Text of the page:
With locum tenens assignments come 1099 tax status, which means you need to decide which tax structure is right for you. As a self-employed physician, you can be taxed on your personal income tax return or file as a corporation. The good news is that recent tax reforms have opened up considerable lawful deductions for locum tenens physicians. On the other hand, it can be difficult to assess which locum tenens tax structure is right without expert advice. We spoke to tax strategists who specialize in the medical field and experienced locum tenens physicians to help guide you in making this important financial decision.
Are you new to locums?
If you’re new to locums and have always received a W-2 instead of a 1099, two actions can help you avoid tax-time surprises.
Regardless of what business structure you choose, Alexis Gallati, principal tax strategist at Gallati Professional Services, recommends opening a business checking account first thing. A separate checking account makes it easier to keep your books organized, and clean books make for easier locum tenens taxes.
The second action is to get set up to pay estimated quarterly taxes. The rules for how often and how much you pay will change depending on your business structure and whether you set up a tax entity.
Do you need to create a tax entity?
This is probably the biggest decision you’ll make regarding your locum tenens taxes. As high income earners, locum tenens physicians often find it worthwhile to form an LLC, PLLC, S corp, or C corp to better control how much money flows through as taxable income.
Gallati points out a few of the factors that can influence this choice: “Generally if you’re paying more than $7,000 in self-employment tax then you’re going to want to look at becoming a corporation. Also, it depends on the state. In Tennessee, for example, S Corps aren’t desirable because of the way they’re taxed by the state. In a lot of other states, however, S Corps are desirable because the tax savings are high.”
Dr. Joseph Kittah, a critical care physician, first formed an LLC, and within a year, decided to change his tax structure to a S Corp.
“As your income goes higher you have a lot more deductions with an S Corp,” explained Dr. Kittah. “I recommend talking to other locum tenens physicians about the structure they’ve set up and use that as a starting point.”
Do you work in more than one state?
Each state has different filing and tax entity requirements.
Laura Clifford, President of Fox & Company CPAs explains, “Working in several states can complicate your tax filings. Each state you work in — as long as they have an individual income tax — is going to want you to pay tax to them, but if your resident state also has income tax, they’re also going to require a filing. You won’t pay tax on the same income twice because states give you a credit for what you’ve paid toward another state, but you do have additional filings to do.”
Different states also have different rules for what type of tax entity you need to set up depending on your situation. This can make it worthwhile to hire an accountant to manage multiple state setups and filings.
Dr. Jim Mock, an emergency medicine physician, uses an accountant and the help of Weatherby’s payroll department to make his multi-state tax returns easier.
“I predominately work in South Carolina,” noted Dr. Mock, “but the past couple of years, I have gone back to work in Illinois. As a result, last year we filed a separate income tax form for Illinois because I worked enough time there that we needed to file a State tax form there as well. My accountant took care of that, and it was easy to determine from my payroll because Weatherby tracks payments by where you work.”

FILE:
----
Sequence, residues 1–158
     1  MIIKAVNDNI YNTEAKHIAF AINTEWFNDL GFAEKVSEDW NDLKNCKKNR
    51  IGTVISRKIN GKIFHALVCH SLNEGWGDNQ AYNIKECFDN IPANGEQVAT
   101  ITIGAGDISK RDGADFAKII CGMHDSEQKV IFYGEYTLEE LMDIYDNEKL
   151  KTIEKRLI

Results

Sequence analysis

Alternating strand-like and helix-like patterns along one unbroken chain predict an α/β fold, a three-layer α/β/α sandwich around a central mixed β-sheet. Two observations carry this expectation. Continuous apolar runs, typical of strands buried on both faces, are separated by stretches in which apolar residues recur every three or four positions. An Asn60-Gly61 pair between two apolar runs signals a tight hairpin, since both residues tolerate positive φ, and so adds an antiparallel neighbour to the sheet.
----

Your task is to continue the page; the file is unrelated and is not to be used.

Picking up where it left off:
Do you make more than $315,000?
One of the biggest considerations in choosing your tax structure is household income. And physicians earning more than $315,000 stand to lose 2018’s biggest new tax deduction (section 199A) if they don’t get set up correctly. This deduction alone can equal the cost of a new car.
Gallati explains it this way: “Even if you don’t go the corporate route and you’re a sole proprietor or single member LLC, you can still take advantage of the new Qualified Business Income deductions under section 199A. This deduction came out with the new tax reform and is an automatic 20% deduction for any sort of profit that you have. The caveat is that physicians are considered a specified business service and so, if your household income is over $415,000, you don’t get any part of that 20% deduction. Tax planning can help you find ways to lower your taxable income so that you do qualify for the deduction.”
How can Weatherby help?
Weatherby can alleviate much of the income tracking burden for locums.
As Dr. Mock explains, “All of my expenses come from one source. I basically get a few reports from the payroll at Weatherby, hand them over to my accountant, and in two days I’m done with my corporate taxes for the year. It’s extremely convenient and well organized. Weatherby also provides me with a spreadsheet that I use every month to determine how much to prepay for my taxes because as an S Corporation I am required by Federal law to phone in my prepaid taxes every month.”
Plan today to avoid tax-time surprises
Whether you choose to manage your locum tenens taxes yourself, or decide to have a specialist manage them for you, a little planning can save you a lot of money and increase your peace of mind.
Dr. Mock sums it up this way: “I know my withholdings are set to my income level. I’m not withholding more than I should and I’m not withholding less than I should. I don’t get surprises at the end of the year, so that’s a big advantage of doing a little planning.”
SEE ALSO: Tax benefits for independent contractors